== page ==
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The Lakers must embrace their youth movement

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Following a bizarre offseason in which the Lakers essentially struck out on all of the major free agents and signed almost no one of consequence, they are left with an oddball mix of young players and veterans that has to be managed well for any measure of team success.

Jayne Kamin-Oncea-USA TODAY Sports

It has been a long time since the Lakers have appeared truly rudderless going into a season, hopes of competing for a title dashed to all but the most deranged viewers, yet seemingly no clear plan on the horizon for how the team is going to rebuild. With Kobe Bryant returning to the fold, the team presumably will make a game attempt at fielding a competitive outfit, but to put it plainly, they lack the means to do so, even with perfect health on the roster. We will leave that discussion for another time, namely what kind of roster strategy they should be employing from a team-building perspective, and focus primarily on trying to parse out any real means of the Lakers surpassing their quite dim expectations for this upcoming season.

And make no mistake: they are exceptionally dim. Blake wrote on whether this could be one of the worst Lakers teams ever earlier this summer, and while that still might be a stretch, it's not an outlandish claim either. They jettisoned Mike D'Antoni for a demonstrably worse offensive coach -- and worse coach overall, but we digress -- and the current starting lineup is a horror story on defense. No, really, let's look at the depth chart:

Starters Bench Third String Fourth String Fifth String
PG Steve Nash Jeremy Lin Jordan Clarkson Ronnie Price (CI) Keith Appling (CI)
SG Kobe Bryant Wayne Ellington (CI) Jabari Brown (CI)
SF Wesley Johnson Nick Young Xavier Henry Roscoe Smith (CI)
PF Carlos Boozer Julius Randle Ryan Kelly
C Jordan Hill Ed Davis Robert Sacre Jeremy Tyler (CI)

The (CI) refers to camp invites and that presumably won't be settled for a while, although Ellington's place is an otherwise sparse wing rotation is likely a safe assumption. Regardless, try to pinpoint the best defender on the team. Or even more elementary than that, point to an above average defender anywhere on the roster. Seasoned NBA viewers will rightfully choose Ed Davis, but that's as much an indictment of the rest of the roster as it is praise of how underrated Davis' game is. As it stands, the team is utterly bereft of serviceable defenders and in fact, there probably are more players who are outright travesties on defense than there are merely average ones.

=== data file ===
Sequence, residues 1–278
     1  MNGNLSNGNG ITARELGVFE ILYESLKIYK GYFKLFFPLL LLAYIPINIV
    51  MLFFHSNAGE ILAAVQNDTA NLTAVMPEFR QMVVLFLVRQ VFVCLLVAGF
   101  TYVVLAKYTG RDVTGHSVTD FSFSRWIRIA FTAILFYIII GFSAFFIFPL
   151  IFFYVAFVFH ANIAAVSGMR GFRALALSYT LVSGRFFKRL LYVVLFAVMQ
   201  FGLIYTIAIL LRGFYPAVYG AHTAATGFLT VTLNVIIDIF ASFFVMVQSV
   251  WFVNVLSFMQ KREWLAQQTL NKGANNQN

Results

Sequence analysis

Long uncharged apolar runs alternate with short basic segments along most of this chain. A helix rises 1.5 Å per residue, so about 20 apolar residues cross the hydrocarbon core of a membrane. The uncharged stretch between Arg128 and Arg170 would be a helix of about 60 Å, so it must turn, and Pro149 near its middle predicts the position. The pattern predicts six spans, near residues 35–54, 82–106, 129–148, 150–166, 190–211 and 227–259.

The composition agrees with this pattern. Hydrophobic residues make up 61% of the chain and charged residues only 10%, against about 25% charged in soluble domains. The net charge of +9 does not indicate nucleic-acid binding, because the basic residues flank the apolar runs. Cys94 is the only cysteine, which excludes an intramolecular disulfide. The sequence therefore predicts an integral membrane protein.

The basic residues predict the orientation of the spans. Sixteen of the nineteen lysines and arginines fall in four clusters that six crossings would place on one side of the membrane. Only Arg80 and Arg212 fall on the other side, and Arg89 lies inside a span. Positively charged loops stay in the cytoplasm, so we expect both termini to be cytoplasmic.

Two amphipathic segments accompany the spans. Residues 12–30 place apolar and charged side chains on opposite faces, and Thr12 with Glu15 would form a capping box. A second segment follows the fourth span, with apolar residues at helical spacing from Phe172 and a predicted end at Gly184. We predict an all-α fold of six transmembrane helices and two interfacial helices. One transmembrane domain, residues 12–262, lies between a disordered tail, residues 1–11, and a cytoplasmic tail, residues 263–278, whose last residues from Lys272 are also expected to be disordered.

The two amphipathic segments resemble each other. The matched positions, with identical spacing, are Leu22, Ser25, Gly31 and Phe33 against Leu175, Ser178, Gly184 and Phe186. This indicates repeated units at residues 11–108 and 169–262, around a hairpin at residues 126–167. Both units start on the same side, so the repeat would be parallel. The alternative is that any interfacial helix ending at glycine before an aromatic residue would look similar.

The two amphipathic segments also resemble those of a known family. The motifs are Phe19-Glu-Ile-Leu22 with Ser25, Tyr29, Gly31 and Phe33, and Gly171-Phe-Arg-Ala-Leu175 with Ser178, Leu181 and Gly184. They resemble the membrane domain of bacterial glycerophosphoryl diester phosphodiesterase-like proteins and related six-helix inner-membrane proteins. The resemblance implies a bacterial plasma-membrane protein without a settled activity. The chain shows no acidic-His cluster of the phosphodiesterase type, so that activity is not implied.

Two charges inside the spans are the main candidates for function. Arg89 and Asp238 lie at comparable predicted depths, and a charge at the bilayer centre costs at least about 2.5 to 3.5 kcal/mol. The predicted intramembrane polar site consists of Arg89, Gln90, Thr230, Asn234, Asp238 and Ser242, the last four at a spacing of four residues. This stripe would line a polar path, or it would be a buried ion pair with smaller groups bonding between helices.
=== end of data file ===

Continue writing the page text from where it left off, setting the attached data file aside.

Look no further than the starting backcourt to wince at the notion that the Lakers can stop anyone on the perimeter. Even at his peak, Nash was a poor defender and the crippling nerve damage he has received has only compounded this issue. As for Kobe, he was the subject of withering criticism at this site in the '12-'13 season for how he essentially mailed in his defensive responsibilities, and considering that he is returning from a major injury and will have to once again carry a tremendous offensive load, there's little hope of this improving in a substantial fashion. There's even the question of whether Kobe even has the physical ability to be a good defender nowadays, but this is impossible to answer until we get a good look at how he returns from injury.